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Darwin Correspondence Project

From Thomas Comber   15 June 1879

Redclyffe, | Newton-in-the-Willows.

15 June 1879

My dear Sir

I do not know whether your attention has ever been drawn to a gyno-diœcious condition of Plantago lanceolata—1 If not, the few specimens I send you herewith may be of interest, as showing what I meet with in this neighbourhood— There is a pretty regular gradation, on different plants, from the state of the specimen marked H, in which the stamens are extruded, almost as in the normal condition but are apparently barren, for they seem to me to contain no pollen—to the state of specimens marked C. & D. in which the anthers are only just extruded from the flower— next to that of specimen marked B., in which they are not extruded at all— & lastly to that of specimen marked A, in which, so far as I can make out, there are no stamens, at any rate in some of the flowers; but the corolla is 8=cleft— In the rough sketch enclosed, I have endeavoured to represent the corolla in the dissection contained in the tissue paper—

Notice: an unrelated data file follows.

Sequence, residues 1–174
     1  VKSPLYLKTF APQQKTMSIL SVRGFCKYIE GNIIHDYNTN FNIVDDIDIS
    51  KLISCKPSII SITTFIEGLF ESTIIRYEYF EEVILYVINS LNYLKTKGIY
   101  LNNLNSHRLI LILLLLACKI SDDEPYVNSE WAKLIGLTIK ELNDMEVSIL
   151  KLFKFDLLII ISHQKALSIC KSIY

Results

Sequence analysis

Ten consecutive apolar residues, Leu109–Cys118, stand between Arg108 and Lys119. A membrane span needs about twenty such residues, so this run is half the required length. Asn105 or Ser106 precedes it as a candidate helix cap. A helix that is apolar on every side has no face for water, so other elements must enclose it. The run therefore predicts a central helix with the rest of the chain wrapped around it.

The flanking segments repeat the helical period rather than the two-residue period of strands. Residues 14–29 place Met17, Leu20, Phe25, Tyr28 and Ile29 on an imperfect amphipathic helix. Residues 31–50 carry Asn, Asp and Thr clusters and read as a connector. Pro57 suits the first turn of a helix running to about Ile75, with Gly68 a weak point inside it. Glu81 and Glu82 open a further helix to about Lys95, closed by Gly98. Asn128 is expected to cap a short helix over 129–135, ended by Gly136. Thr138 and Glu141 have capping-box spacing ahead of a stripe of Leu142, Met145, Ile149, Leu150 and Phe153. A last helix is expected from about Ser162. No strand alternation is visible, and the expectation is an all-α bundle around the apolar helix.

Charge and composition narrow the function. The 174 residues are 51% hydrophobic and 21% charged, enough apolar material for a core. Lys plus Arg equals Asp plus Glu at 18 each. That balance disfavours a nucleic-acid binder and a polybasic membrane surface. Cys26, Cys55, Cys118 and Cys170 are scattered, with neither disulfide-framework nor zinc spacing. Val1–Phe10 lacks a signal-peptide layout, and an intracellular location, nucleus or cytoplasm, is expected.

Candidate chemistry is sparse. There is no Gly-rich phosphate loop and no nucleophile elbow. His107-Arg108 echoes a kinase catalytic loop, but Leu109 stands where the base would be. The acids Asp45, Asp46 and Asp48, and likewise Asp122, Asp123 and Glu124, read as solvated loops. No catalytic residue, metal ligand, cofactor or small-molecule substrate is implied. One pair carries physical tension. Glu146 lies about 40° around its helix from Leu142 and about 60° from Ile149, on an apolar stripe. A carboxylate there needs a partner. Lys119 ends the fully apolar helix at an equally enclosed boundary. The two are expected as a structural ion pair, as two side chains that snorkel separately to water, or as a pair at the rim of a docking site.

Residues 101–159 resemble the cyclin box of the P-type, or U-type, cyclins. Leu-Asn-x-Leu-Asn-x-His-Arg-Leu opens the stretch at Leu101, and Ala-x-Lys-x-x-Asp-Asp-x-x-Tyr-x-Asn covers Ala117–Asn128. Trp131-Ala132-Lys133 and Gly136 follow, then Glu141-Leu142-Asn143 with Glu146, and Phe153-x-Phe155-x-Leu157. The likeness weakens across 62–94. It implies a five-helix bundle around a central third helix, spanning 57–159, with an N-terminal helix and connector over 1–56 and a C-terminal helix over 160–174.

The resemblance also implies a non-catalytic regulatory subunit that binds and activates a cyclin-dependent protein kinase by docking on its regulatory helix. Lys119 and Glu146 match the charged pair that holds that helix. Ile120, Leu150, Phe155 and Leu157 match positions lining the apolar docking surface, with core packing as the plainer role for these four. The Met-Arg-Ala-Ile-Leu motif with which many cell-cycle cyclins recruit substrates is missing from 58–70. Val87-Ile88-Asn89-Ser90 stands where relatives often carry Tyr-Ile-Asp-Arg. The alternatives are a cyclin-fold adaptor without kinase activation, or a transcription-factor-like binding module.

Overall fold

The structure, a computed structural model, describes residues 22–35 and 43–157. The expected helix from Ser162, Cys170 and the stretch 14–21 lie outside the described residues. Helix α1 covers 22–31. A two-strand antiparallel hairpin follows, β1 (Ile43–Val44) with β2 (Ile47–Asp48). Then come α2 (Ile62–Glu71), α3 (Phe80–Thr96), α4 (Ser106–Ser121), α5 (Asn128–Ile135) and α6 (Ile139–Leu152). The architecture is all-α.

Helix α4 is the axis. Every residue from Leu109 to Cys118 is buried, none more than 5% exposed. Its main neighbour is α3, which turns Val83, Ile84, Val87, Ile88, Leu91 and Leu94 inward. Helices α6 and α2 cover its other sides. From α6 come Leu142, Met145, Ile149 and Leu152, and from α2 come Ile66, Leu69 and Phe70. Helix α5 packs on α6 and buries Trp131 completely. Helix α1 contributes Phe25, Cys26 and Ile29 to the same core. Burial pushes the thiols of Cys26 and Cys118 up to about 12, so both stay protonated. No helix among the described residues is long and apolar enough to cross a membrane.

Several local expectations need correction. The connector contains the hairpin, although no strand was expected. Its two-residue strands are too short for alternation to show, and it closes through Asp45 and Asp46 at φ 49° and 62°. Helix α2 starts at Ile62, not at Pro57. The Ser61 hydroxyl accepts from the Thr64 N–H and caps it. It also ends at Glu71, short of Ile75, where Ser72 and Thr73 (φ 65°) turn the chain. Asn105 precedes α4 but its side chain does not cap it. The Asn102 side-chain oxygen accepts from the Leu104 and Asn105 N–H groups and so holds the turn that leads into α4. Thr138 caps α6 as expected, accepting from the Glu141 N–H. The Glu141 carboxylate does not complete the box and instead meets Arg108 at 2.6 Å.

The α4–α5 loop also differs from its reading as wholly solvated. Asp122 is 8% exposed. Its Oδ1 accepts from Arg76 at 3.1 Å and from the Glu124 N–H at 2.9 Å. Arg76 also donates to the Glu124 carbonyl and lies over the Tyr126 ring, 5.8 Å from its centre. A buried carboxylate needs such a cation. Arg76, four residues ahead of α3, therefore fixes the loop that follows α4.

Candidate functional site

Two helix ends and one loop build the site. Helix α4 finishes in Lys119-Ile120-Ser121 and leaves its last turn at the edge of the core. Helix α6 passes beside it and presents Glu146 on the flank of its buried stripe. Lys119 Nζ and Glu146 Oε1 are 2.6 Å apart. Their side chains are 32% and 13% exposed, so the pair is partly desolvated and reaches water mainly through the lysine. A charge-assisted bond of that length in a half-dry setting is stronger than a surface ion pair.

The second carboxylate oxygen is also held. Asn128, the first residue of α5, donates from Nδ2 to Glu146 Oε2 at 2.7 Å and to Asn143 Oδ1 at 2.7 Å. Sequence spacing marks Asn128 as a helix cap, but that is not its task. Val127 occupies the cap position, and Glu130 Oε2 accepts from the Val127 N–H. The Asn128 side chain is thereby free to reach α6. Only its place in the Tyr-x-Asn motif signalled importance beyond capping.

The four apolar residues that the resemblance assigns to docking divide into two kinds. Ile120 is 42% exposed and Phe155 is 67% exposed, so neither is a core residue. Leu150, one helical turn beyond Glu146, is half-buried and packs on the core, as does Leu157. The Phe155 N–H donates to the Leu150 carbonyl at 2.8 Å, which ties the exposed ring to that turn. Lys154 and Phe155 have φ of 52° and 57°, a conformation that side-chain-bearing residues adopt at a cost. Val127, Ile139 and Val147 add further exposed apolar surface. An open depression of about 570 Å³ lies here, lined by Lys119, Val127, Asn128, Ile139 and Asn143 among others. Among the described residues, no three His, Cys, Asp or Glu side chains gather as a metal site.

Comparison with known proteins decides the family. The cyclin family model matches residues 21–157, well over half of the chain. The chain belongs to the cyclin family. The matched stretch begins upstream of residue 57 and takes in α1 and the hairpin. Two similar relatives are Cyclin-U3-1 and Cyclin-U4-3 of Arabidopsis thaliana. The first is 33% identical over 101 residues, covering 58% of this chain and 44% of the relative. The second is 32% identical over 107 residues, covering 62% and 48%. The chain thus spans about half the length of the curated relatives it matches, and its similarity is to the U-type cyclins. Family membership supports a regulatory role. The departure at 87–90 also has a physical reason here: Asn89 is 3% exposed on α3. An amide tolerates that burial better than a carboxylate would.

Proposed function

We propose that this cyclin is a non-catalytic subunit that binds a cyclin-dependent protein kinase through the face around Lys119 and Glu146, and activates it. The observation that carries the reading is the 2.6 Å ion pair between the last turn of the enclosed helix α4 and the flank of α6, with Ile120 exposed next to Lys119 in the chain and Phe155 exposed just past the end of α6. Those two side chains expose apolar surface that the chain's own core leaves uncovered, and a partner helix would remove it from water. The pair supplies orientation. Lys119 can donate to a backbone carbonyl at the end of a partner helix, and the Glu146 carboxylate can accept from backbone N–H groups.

You will see that in the two last states, A & B, the styles are longer & more persistent than is usual, not withering, as they ordinarily do in the normal form, on the extrusion of the stamens—

The plants from which the specimens have been gathered have all their spikes alike, and I find no plants producing at the same time normal and functionally ♀ flowers. The plants producing specimens A. & C. are isolated, in a good position for observation; and I shall watch whether, at a different stage of growth, they produce flowers differing from those they now bear: and, if they ripen seed, I will try to secure a supply for sowing—

Believe me | yours truly | Thomas Comber

Charles Darwin Esqre. | Down | Beckenham | Kent

[Enclosure 1]


[Enclosure 2]


[Enclosure 3]


CD annotations

On cover: ‘Plantago’ pencil


Plantago lanceolata is ribwort plantain. Species that are gynodioecious have hermaphrodite and pistillate (female) flowers on separate plants. In 1878, CD had received specimens of several forms of P. lanceolata from Friedrich Ludwig (see Correspondence vol. 26, letter to Friedrich Ludwig, 29 May 1878). CD added information from Ludwig on the graduated forms of P. lanceolata to Forms of flowers 2d ed., p. ix; he did not mention Comber.


Sends specimens showing gynodioecism in Plantago lanceolata.

Letter details

Letter no.
Thomas Radcliffe (Thomas) Comber
Charles Robert Darwin
Sent from
Source of text
DAR 161: 215
Physical description
ALS 4pp †, sketch, encl

Please cite as

Darwin Correspondence Project, “Letter no. 12108,” accessed on 18 May 2024,